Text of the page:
Debugging your App

Set up for debugging

Since StereoKit’s core is composed of native code, there are a few extra steps you can take to get better stack traces and debug information! The first is to make sure Visual Studio is set up to debug with native code. This varies across .Net versions, but generally the option can be found at Project->Properties->Debug->(Native code debugging).

You may also wish to disable “Just My Code” if you’re trying to actually inspect how StereoKit’s code is behaving. This can be found under Tools->Options->Debugging->General->Enable Just My Code, and uncheck it to make sure it’s disabled.

StereoKit is set up with Source Link as of v0.3.5, which allows you to inspect StereoKit’s code directly from the relevant commit of the main repository on GitHub. Note that distributed binaries are in release format, and may not ‘step through’ as nicely as a normal debug binary would.

Check the Logs!

StereoKit outputs a lot of useful information in the logs, and there’s a chance your issue may be logged there! When submitting an issue on the GitHub repository, including a copy of your logs can really help maintainers to understand what is or isn’t happening.

All platforms will output the log through the standard debug output window, but you can also tap into the debug logs via Log.Subscribe. Check the docs there for an easy Mixed Reality log window you can add to your project.

Ask for Help

We love to hear what problems you’re running into! StereoKit is completely open source and has no analytics or surveillance tools embedded in it at all. If you have an issue, we won’t know about it unless you tell us, or we spot it ourselves!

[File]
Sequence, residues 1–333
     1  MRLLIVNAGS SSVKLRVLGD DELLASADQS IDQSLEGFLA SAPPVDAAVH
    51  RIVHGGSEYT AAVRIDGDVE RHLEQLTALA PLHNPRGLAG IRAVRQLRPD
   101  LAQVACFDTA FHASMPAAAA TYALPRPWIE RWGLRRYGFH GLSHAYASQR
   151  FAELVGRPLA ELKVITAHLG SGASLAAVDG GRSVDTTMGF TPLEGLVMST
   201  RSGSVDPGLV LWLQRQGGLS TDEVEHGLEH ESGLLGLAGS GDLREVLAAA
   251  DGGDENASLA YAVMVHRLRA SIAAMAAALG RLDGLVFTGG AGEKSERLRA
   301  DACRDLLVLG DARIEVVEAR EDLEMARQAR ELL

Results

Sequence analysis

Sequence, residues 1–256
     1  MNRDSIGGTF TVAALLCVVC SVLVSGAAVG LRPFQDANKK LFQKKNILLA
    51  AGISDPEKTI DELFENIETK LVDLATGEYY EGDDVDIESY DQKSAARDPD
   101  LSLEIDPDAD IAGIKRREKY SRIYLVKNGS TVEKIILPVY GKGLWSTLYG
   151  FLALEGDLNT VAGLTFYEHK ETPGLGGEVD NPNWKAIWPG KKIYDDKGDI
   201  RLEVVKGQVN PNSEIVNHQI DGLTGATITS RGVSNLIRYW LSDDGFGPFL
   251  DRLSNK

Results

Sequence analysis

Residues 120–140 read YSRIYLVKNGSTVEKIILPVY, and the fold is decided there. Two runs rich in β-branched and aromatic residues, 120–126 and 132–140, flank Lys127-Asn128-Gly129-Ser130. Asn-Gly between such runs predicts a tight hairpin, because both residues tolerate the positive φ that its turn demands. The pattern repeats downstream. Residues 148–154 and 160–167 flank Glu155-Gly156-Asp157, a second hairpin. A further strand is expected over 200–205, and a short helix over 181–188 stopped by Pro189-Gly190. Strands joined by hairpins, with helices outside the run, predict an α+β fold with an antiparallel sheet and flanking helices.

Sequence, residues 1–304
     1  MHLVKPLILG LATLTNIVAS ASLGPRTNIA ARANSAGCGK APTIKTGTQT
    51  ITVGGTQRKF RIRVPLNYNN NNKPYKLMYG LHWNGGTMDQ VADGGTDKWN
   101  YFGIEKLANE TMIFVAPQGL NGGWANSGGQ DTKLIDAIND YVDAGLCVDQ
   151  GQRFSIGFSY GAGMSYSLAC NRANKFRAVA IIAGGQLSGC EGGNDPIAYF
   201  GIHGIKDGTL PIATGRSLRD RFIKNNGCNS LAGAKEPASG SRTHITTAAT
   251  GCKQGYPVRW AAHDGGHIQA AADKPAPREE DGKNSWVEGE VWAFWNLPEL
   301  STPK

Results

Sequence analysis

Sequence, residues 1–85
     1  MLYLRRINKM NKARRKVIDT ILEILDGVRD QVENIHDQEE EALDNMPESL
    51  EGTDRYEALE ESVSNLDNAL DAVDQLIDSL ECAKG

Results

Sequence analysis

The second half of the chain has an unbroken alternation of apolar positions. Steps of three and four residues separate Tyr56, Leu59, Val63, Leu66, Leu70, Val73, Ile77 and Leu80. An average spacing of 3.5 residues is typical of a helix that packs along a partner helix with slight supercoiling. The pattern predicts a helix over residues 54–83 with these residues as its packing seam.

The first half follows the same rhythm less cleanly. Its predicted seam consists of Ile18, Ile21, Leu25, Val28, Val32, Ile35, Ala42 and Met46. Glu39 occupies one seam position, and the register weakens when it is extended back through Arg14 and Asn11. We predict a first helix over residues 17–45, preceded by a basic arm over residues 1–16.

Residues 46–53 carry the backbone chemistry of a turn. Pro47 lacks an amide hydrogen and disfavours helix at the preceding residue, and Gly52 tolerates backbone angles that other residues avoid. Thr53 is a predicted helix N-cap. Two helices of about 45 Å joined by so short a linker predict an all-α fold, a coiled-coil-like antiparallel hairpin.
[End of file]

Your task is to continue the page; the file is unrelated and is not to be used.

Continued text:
The best place to ask for help will always be the GitHub Issues, or GitHub Discussions pages. Be sure to provide logs, platform information, and as many other details as may be relevant!

Common Issues

Here’s a short list of some common issues we’ve seen people ask about!


This is a common and expected message that basically means that OpenXR can’t find any headset attached to the system. Your headset is most likely unplugged, but may also indicate some other issue with your OpenXR runtime setup.

By default, StereoKit will fall back to the flatscreen simulator when this error message is encountered. This behavior can be configured in your SKSettings.

StereoKit isn’t loading my asset!

This may manifest as Null Reference Exceptions surrounding your Model/Tex/asset. The first thing to do is check the StereoKit logs, and look for messages with your asset’s filename. There will likely be some message with a decent hint available.

If StereoKit cannot find your file, make sure the path is correct, and verify your asset is correctly being copied into Visual Studio’s output folder. The default templates will automatically copy content in the project’s Assets folder into the final output folder. If your asset is not in the Assets folder, or if you have assembled your own project without using the templates, then you may need to do additional work to ensure the copy happens.

System.DLLNotFoundException for StereoKitC

A StereoKit function has been called before the native StereoKit DLL was loaded. Make sure your code is happening after your call to SK.Initialize! Watch out for code being called from implied constructors, especially on static classes.

For some rare cases where you need access to a StereoKit function before initialization, you may be able to call SK.PreLoadLibrary. This only works for functions that interact with code that does not require initialization, like math. It may also disguise code that’s incorrectly being called before SK.Initialize.

Found an issue with these docs, or have some additional questions? Create an Issue on Github!